A plan to import less expensive prescription medications from Canada was approved by Florida lawmakers four years ago, but it is now bogged down in legal conflicts between the state and the U.S. Food and Drug Administration.
In a complaint filed on Friday, the state claimed that the Food and Drug Administration had broken the Freedom of Information Act by failing to adequately reply to a request for information regarding Florida’s attempt to obtain clearance for the importation program.
In July, the state also brought a related federal action, which is still pending.
With lawmakers approving a plan to make imported drugs available in government programs like Medicaid, the prison system, and facilities run by the Department of Children and Families, Gov. Ron DeSantis and former Florida House Speaker Jose Oliva, R-Miami Lakes, made the drug importation issue a priority in 2019. According to court filings, the state initially seeks to import medicines to treat diseases like HIV and AIDS, hepatitis C, diabetes, and mental illness.
The Food and Drug Administration, which would need to approve the importation scheme, received a request from the state in November 2020. The plan is covered by the government SIP or Section 804 Importation Program.
According to the lawsuit filed on Friday, the state requested several pieces of information from the federal agency under the Freedom of Information Act on March 21. These records included those pertaining to Florida’s SIP proposal as well as those made by Colorado, New Mexico, New Hampshire, Vermont, and Maine.
Attorney General Ashley Moody’s legal team claimed in a letter that while the federal agency had accepted the documents request, it had not fully complied with the legal deadlines.
“To date, the FDA has not responded to the March 2023 FOIA Request, nor provided any responsive materials to that request, nor explained that responsive materials have been withheld or will be withheld,” the lawsuit claimed.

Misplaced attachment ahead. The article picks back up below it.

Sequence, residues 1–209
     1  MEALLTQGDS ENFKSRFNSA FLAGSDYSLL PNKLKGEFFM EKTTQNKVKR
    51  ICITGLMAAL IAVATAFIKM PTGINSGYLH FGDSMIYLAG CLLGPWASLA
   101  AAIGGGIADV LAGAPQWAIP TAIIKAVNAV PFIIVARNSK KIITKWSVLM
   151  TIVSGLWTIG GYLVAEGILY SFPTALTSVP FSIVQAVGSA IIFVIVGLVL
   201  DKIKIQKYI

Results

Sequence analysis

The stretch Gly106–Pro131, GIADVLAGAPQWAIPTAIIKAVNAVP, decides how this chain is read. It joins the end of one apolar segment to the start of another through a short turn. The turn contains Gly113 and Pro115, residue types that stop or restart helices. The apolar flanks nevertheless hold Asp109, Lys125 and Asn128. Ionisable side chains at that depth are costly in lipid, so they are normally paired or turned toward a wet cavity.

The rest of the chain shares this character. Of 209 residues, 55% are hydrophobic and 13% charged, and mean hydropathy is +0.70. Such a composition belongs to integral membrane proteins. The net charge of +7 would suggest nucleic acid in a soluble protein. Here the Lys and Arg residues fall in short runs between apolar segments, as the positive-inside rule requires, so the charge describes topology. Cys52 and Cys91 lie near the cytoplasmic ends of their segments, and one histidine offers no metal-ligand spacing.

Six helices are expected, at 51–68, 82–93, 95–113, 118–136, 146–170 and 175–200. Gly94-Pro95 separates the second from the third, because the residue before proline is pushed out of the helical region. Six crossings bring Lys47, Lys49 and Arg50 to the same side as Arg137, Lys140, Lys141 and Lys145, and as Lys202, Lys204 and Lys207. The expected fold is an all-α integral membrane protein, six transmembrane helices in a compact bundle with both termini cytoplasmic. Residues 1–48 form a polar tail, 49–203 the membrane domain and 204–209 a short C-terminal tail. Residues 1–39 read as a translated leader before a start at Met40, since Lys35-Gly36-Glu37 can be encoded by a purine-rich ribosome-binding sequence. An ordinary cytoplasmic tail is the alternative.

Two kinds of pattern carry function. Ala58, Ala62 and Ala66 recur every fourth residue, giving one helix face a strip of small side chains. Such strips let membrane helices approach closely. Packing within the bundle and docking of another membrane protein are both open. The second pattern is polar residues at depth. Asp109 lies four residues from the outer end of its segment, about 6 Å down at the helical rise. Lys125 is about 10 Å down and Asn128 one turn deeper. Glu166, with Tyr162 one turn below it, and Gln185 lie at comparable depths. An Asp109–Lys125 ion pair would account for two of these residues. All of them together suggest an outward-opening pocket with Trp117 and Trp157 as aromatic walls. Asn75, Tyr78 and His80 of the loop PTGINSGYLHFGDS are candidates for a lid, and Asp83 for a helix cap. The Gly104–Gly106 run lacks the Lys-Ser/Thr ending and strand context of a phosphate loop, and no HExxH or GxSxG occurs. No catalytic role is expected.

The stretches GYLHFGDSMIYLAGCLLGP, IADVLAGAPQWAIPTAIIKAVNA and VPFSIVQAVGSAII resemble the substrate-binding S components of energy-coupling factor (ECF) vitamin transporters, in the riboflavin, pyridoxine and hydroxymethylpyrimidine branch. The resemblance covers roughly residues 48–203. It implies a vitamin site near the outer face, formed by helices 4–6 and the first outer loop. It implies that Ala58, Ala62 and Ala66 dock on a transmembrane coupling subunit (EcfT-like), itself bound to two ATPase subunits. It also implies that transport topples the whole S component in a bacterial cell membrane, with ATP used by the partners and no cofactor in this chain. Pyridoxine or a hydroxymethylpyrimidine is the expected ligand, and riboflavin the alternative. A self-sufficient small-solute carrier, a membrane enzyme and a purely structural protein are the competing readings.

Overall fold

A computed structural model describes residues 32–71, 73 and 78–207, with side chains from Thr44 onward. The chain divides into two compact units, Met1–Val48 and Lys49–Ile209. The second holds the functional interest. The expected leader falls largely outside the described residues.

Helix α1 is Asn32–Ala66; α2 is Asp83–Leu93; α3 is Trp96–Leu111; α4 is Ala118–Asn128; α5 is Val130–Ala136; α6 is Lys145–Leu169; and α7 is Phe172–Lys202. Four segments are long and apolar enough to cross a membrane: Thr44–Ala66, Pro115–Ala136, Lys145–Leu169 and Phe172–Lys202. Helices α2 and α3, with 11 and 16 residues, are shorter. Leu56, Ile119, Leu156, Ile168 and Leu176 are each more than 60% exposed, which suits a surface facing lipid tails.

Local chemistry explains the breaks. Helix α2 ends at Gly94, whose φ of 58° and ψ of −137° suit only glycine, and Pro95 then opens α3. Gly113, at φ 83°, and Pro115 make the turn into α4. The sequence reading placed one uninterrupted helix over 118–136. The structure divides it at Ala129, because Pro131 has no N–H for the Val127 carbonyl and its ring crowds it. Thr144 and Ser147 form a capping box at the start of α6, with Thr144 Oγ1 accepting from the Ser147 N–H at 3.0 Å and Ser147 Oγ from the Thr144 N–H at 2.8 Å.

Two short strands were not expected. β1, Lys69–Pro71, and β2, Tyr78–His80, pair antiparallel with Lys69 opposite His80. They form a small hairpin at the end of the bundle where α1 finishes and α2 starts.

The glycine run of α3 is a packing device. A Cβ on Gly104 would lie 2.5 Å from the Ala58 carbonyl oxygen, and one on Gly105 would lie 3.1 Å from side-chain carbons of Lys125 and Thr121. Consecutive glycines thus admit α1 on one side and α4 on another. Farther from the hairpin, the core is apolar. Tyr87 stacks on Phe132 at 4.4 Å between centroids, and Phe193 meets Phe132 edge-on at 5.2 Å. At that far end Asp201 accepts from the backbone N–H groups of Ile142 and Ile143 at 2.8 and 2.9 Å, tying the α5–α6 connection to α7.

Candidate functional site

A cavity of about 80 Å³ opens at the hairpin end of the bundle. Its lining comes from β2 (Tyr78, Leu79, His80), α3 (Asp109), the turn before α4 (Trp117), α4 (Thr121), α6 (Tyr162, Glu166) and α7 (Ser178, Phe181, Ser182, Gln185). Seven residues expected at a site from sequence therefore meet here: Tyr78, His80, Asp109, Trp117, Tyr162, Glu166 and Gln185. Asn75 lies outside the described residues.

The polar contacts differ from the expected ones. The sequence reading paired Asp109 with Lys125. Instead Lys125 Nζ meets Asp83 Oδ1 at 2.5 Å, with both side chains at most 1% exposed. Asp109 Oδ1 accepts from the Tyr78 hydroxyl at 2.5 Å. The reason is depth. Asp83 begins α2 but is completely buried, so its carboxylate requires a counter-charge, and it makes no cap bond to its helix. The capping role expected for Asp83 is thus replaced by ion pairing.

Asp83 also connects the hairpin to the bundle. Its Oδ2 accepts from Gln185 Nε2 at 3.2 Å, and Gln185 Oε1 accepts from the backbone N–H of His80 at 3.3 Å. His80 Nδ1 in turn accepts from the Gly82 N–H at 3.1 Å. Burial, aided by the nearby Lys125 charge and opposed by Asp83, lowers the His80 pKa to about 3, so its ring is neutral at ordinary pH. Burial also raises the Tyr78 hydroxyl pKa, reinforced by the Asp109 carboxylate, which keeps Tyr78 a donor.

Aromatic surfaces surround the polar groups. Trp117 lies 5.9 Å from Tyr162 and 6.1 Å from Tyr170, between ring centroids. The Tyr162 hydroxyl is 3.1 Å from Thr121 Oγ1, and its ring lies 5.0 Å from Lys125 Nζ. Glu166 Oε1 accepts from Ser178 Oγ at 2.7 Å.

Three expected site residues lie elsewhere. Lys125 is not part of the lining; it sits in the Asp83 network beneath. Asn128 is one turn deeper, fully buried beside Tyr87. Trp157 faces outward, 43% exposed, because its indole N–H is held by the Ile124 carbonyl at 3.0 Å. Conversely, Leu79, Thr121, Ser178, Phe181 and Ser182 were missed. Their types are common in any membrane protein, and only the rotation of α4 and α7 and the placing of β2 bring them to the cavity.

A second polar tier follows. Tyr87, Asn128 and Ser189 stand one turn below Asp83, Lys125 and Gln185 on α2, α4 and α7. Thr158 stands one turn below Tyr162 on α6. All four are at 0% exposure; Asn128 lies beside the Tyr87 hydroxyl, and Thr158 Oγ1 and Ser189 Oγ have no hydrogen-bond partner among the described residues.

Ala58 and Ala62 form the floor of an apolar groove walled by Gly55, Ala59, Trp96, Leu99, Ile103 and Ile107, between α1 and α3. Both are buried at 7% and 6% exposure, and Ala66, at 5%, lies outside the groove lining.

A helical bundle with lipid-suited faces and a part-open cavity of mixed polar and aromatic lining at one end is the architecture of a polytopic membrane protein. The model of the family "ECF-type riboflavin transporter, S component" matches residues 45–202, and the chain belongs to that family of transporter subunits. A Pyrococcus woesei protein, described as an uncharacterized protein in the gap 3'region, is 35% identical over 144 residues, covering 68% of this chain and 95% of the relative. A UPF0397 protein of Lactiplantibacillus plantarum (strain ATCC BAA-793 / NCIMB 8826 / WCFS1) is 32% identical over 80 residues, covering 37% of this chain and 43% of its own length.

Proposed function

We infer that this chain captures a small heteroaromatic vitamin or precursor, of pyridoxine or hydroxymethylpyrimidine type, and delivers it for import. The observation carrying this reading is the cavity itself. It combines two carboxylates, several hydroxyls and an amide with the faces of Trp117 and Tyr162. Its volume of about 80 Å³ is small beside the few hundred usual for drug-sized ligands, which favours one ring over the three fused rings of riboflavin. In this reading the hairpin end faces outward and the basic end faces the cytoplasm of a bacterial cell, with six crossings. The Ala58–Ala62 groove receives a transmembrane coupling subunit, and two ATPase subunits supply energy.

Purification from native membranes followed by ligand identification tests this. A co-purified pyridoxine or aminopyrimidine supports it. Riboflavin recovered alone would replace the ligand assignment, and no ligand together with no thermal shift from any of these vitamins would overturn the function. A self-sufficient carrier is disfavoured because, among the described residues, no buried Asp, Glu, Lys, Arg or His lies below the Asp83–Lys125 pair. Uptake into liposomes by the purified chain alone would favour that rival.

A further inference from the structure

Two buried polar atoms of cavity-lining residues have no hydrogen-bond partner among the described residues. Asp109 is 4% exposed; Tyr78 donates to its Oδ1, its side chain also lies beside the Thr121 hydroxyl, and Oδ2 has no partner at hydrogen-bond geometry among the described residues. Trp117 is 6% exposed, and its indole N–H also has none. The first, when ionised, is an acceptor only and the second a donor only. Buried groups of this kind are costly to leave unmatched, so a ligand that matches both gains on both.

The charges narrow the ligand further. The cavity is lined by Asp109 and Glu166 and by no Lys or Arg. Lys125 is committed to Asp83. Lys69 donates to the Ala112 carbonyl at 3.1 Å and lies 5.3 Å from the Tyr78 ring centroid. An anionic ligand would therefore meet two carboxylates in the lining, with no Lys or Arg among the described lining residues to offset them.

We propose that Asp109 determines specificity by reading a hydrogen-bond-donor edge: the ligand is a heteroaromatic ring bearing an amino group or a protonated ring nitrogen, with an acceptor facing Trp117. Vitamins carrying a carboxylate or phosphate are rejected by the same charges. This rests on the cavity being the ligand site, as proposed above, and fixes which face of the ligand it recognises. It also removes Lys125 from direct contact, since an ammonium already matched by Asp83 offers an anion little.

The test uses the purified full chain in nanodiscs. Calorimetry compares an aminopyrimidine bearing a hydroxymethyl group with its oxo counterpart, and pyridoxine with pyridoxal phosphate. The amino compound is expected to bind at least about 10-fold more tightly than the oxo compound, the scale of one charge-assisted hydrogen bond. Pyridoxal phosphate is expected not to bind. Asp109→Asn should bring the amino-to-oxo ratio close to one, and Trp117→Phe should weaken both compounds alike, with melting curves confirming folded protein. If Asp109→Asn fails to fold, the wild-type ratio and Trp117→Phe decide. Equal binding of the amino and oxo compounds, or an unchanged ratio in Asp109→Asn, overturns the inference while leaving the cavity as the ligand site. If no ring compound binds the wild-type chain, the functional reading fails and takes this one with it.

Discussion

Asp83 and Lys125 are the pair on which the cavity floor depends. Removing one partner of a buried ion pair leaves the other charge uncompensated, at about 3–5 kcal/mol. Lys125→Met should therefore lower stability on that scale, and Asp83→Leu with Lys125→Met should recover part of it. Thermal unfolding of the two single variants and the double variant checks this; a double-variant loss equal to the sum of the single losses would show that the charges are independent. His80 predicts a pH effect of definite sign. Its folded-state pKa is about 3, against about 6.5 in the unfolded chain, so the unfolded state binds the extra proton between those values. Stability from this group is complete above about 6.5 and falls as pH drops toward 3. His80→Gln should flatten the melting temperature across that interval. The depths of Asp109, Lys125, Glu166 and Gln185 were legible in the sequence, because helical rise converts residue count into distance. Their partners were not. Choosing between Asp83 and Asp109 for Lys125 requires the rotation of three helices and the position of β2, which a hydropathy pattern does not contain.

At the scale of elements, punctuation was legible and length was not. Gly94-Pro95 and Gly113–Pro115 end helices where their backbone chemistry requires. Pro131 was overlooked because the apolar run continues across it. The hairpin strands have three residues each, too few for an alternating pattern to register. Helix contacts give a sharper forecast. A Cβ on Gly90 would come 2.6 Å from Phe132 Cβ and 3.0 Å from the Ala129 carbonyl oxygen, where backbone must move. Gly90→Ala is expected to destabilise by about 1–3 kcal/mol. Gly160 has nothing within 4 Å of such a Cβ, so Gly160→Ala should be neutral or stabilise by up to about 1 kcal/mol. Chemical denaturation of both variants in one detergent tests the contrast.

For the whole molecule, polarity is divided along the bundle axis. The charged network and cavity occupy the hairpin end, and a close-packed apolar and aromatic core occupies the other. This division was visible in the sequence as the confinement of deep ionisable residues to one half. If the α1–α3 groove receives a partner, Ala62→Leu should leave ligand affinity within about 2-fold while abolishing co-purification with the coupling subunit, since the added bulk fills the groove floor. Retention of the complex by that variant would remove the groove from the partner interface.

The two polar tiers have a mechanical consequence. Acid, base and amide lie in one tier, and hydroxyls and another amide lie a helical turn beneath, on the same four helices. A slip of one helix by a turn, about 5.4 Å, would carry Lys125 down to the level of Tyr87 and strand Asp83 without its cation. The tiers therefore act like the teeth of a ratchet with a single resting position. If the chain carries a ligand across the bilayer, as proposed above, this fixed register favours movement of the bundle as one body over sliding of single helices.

Florida-FDA Spar Over Drug Importation
Similar claims of Freedom of Information Act abuses were made in the July case. Additionally, the state demanded a court order compelling the FDA to review and rule on the proposed medicine importation quickly on the grounds that the FDA had broken the Administrative Procedure Act.
In November, the FDA asked the state for more details regarding the SIP proposal. Because the Food and Drug Administration had not yet received the needed material, US attorneys requested a stay of the July lawsuit on April 7.
“This stay would respect Florida’s stated intention to provide the requested materials and afford FDA the necessary time to review those materials,” the motion read. “FDA would provide the court with a status report about the anticipated decision-making timeline for Florida’s updated SIP proposal at the conclusion of the stay period.”
However, the state retaliated against the stay request and claimed it had submitted a supplement SIP plan in a court filing on Friday.
“Defendants ask the court to establish a precedent that agencies can delay indefinitely until sued, then rush out a lengthy and largely contrived request for information to stall the case and give the appearance of agency action, then obtain a stay of judicial proceedings on the basis that the agency hasn’t yet received a response to its enormous request — all designed to further delay an adverse judgment,” the state’s lawyers wrote. “Allowing agencies to engage in such gamesmanship undermines the judicial review mandated by Congress in the Administrative Procedure Act and creates a moral hazard for agencies.”
Thomas Barber, a U.S. District Judge in Tampa who was chosen by former President Donald Trump for the federal bench, is in charge of both cases.
The state claimed in the complaint that it could save $150 million annually by importing less expensive medications from Canada. Additionally, it claimed to have partnered with an importer and a distributor “currently being paid $1.2 million per month” and established a refrigerated distribution facility for the scheme.
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